Pg. 084 The Best Chairlift in North America
The Soul of Squaw Valley
Squaw valley’s KT22 chairlift is consistently voted as the best chairlift in North America. When you get it on a powder day, it is easy to understand why.
Squaw Valley’s KT-22 chair has been voted the best chairlift in North America, not sure by whom, but once you ski the terrain that lift accesses, you can understand why. Squaw Valley is renowned for its steep challenging terrain and names like the Palisades, Silverado, and Headwall have earned a kind of infamy with skiers worldwide. It’s also well known that Squaw Valley has plenty of cruisy intermediate family-friendly terrain, but when it comes down to it, the place offers some of the best and most varied in-bounds terrain in North America, and a lot of that terrain is found off KT-22.
When I arrived with the family in late January for our second visit to Squaw, the place looked amazing. Regular storms had turned on some epic powder days in December and early January, the result being a cumulative snow fall of six metres and 100 per cent of open terrain.
The storm cycle continued. We had two storms in the first five days we were there and scored some deep powder days. One in particular will stay with me as one of the best days of skiing I’ve ever had, and most of that morning was spent exploring the huge choices available off KT-22.
Many of the cliffs, chutes, and steeps of KT-22 are right under the lift, and you witness some pretty amazing skiing from the locals as you ride the chair up. Squaw has been referred to as Squallywood, a term derived from big-name local skiers like Scot Schmidt, Shane McConkey, JT Holmes, Brad Holmes, and Aaron McGovern throwing down in full view of the crowd.
Someone told me that KT-22 is like the soul of Squaw Valley. At the very peak, an eagle sculpture sits as a memorial to Shane McConkey, one of Squaw Valley’s favourite sons who died in a ski base-jumping accident in March 2009. The eagle is perched above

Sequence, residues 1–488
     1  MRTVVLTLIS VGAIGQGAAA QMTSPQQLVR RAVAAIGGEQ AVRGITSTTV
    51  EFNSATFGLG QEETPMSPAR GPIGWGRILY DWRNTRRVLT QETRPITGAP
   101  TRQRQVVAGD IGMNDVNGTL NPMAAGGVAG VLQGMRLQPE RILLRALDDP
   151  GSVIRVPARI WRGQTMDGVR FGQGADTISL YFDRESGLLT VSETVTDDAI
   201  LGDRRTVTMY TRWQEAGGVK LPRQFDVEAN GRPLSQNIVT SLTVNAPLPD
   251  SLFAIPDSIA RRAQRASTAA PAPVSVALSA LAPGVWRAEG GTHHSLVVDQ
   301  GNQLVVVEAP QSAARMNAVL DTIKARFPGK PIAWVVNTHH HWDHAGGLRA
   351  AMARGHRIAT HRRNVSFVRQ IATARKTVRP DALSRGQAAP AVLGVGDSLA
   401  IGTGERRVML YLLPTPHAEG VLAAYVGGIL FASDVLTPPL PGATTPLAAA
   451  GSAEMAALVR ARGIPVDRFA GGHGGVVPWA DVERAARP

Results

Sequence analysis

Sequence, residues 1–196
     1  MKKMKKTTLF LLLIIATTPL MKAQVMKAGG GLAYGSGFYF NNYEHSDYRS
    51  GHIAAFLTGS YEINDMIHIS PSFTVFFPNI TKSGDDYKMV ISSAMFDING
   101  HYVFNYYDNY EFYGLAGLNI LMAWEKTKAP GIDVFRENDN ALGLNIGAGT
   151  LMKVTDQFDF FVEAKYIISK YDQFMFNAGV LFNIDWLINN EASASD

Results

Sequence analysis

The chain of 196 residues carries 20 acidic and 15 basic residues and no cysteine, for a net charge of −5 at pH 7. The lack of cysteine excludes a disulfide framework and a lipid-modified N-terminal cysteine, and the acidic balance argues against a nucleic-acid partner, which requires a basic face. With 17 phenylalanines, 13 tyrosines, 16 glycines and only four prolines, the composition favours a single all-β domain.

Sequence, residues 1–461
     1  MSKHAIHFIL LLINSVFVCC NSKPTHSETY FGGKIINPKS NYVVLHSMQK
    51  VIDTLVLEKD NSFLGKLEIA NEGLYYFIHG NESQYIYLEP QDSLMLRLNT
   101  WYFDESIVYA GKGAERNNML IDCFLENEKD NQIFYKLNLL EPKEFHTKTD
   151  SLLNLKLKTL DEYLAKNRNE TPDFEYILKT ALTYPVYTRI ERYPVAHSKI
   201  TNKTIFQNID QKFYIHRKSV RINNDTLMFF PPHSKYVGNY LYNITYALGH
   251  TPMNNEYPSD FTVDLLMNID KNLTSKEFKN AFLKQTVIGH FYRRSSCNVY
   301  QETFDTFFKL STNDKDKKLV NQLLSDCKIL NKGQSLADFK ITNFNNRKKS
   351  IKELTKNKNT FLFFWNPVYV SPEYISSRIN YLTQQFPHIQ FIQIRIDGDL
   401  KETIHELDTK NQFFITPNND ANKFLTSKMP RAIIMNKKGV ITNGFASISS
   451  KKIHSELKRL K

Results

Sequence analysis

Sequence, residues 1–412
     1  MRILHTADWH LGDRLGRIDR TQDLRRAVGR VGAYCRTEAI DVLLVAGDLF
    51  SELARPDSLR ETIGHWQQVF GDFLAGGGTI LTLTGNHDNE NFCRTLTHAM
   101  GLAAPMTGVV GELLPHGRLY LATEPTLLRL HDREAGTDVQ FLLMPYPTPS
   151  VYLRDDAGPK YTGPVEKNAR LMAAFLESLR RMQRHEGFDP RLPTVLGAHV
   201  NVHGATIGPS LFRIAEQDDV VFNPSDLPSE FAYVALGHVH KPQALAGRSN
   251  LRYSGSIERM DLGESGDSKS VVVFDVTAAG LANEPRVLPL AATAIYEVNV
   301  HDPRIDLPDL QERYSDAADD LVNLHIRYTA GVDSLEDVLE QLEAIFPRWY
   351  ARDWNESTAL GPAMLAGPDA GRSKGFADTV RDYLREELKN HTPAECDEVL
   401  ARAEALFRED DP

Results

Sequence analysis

the drop-in to a super steep called McConkey’s. You can hike up to the eagle from the back side of the peak and if you do, you’ll understand the “Squaw’s Soul” reference, as the views are amazing.
However, while 83 per cent of the terrain off KT-22 is classed as expert, it’s not all cliffs and technical chutes. The terrain is steep, but lines like Chute 75, Tamara’s, and GS Bowl are fun, turning on a challenging, exhilarating run. When it’s a powder day, it takes it to another level – score a foot of fresh snow on this mountain and you are in for one of the days of your life. It is world class.
Be warned, you need to get to the base of KT-22 early if you want to get first tracks as it gets crowded. Mid-week isn’t too bad, and the crowd thins out a little as the season progresses, but on a weekend it can be hectic thanks to the masses who make their way up from San Francisco. There are a couple of groomed runs off the top of KT-22, which also access some mellower off-piste terrain, and it is worth exploring as you can move into different degrees of difficulty as your confidence grows. That is the beauty of Squaw – regardless of your ability, you can stay in your comfort zone, or you can progress and climb out of it. We stayed in Squaw for a month and, like anywhere, the more we got to know the mountain the more we enjoyed it. The place is pretty amazing and like the rest of the Lake Tahoe area, incredibly beautiful. Unfortunately, Squaw is under threat of being over-developed, with multi-story apartments and even an indoor water park in the plans. It’s not popular around Tahoe and the local community is fighting for more realistic and compatible development, the call being to “Keep Squaw True”.
For Australian skiers, Squaw Alpine is easy accessible, United Airlines having daily direct flights from Sydney to San Francisco. Then it’s an easy four-hour drive to the resort via the I-80 freeway. Alternatively, you can grab a connection from LA or San Francisco to Reno, which is a short one-hour drive from Squaw and the other Lake Tahoe resorts.
For me, Squaw is a destination that offers everything you’d want in an overseas destination, but the main ingredients are quality snow and good, challenging terrain. There was a bit of a break in the storm cycle in late February, but then it kicked in again, March and April offering more winter-like powder days.
When Squaw Valley is on, the place is hard to beat. This past winter it was definitely on and KT-22 was at its legendary best.
That is the beauty of Squaw – regardless of your ability, you can stay in your comfort zone, or you can progress and climb out of it.
THIS IMAGE: Deep and light. Niseko on a rare blue-bird powder day. Photo: Alister Buckingham BELOW: Mount Yotei seen from the Rinkan run above Grand Hirafu, Niseko. Photo: Peter Eastway
There’s plenty of steep, technical terrain to keep things interesting when it’s not a powder day. OPPOSITE: Soar like an eagle – the Shane McConkey memorial.